EU warns of Russian military buildup in Crimea
Diplomatic chief Federica Mogherini said the 28-nation bloc was also deeply concerned at the deterioration of human rights, demanding free access for outside monitors to investigate the situation.
“The EU reaffirms its deep concern at the continuous military build-up and deterioration of the human rights situation in the Crimean peninsula, including the denial of free speech and the persecution of persons belonging to minorities,” said a statement by Mogherini approved by the EU’s foreign ministers.
The European Union, which has hit Russia with tough economic sanctions over its intervention in Ukraine, “does not recognise and continues to condemn this act of violation of international law,” the statement said.
“The illegal annexation of Crimea and Sevastopol … is also a direct challenge to international security, with grave implications for the international legal order that protects the unity and sovereignty of all states,” it added.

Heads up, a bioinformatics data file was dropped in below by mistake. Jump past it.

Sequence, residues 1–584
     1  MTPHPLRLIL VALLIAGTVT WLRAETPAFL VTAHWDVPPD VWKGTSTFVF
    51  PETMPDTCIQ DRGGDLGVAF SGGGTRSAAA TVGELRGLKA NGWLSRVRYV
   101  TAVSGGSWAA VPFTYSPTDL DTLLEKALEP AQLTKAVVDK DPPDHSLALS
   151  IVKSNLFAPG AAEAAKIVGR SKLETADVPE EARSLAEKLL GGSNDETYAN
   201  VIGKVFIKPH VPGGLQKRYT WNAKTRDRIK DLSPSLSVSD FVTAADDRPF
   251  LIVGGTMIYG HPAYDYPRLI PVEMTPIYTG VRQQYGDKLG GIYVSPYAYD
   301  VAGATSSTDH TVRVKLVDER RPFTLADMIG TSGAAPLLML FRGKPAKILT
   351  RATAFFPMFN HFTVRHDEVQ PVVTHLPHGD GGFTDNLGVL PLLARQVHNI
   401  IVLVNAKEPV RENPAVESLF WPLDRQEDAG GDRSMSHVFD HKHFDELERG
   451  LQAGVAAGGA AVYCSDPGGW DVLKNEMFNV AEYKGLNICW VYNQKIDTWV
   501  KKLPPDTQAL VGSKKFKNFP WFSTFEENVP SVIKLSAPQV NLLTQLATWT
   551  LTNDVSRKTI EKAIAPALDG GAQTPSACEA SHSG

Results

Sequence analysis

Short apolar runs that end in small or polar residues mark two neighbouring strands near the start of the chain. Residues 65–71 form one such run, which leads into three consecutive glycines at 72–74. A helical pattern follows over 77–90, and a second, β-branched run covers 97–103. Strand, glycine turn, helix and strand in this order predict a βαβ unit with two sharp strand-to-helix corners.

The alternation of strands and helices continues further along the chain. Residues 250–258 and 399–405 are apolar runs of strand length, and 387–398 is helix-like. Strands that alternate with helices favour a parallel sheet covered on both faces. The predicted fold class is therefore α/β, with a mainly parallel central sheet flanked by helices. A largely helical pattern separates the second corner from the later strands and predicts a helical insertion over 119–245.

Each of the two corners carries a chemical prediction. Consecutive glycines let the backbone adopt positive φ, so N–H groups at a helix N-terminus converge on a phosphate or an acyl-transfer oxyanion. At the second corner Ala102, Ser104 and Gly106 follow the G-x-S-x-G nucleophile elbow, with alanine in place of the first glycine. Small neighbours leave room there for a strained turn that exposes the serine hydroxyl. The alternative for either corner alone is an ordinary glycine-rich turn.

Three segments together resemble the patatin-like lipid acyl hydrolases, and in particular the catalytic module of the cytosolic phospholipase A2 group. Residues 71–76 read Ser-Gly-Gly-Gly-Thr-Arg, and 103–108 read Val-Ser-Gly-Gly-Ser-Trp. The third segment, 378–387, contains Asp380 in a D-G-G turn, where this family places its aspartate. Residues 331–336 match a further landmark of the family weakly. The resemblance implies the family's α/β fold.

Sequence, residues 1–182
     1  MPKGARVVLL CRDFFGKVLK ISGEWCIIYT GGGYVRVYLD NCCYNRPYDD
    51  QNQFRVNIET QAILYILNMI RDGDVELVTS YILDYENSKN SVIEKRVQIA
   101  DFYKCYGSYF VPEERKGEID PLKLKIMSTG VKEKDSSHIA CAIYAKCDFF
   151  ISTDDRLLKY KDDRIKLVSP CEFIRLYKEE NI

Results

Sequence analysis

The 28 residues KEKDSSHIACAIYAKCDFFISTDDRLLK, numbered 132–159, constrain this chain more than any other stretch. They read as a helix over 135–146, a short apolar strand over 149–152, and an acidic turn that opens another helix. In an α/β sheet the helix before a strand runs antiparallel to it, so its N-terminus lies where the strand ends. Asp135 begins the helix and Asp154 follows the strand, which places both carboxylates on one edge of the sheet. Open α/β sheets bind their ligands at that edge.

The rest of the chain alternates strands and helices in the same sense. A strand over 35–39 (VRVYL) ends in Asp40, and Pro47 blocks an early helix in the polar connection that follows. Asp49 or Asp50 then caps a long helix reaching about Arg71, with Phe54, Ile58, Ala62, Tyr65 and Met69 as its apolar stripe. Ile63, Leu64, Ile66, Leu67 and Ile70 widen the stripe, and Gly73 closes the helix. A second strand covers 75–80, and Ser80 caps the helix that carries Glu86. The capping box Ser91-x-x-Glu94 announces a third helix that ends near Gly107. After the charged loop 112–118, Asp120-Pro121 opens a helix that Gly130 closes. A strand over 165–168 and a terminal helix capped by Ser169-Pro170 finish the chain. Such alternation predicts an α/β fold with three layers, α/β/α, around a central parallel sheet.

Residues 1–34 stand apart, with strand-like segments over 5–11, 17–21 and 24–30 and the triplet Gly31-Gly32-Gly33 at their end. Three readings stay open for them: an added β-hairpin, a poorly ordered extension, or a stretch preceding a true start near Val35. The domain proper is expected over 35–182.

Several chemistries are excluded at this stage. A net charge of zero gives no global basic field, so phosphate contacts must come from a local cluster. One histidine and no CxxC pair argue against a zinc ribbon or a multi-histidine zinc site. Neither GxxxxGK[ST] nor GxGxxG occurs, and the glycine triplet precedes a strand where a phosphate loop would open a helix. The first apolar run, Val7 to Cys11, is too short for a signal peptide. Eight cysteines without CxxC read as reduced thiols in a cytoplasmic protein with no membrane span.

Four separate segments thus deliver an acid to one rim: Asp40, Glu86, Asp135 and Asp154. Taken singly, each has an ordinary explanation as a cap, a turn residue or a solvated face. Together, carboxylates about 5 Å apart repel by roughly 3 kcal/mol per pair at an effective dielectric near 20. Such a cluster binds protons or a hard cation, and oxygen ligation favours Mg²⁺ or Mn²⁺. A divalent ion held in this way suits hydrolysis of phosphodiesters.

Russia plans celebrations Monday to mark the first anniversary of the annexation which followed a referendum organised by Moscow in a territory long regarded by Russians as a historic slice of their territory.
Widely condemned abroad, the annexation boosted Russian President Vladimir Putin’s popularity at home to stellar levels.
Putin described the annexation of Crimea as a mission to rescue the majority Russian-speaking peninsula from Ukrainian “nationalists” who had ousted a Moscow-backed government in Kiev.
In a documentary aired on state TV in Russia on Sunday, Putin also said he was ready to put the country’s nuclear forces on alert as he sought to annex Crimea last year
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